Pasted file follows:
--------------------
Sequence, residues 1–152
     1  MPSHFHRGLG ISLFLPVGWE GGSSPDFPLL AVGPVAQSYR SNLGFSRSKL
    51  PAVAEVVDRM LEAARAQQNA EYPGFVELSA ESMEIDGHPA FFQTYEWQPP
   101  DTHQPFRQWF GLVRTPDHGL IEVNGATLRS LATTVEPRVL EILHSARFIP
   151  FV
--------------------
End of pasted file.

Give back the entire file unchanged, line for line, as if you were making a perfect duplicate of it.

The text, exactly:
Sequence, residues 1–152
     1  MPSHFHRGLG ISLFLPVGWE GGSSPDFPLL AVGPVAQSYR SNLGFSRSKL
    51  PAVAEVVDRM LEAARAQQNA EYPGFVELSA ESMEIDGHPA FFQTYEWQPP
   101  DTHQPFRQWF GLVRTPDHGL IEVNGATLRS LATTVEPRVL EILHSARFIP
   151  FV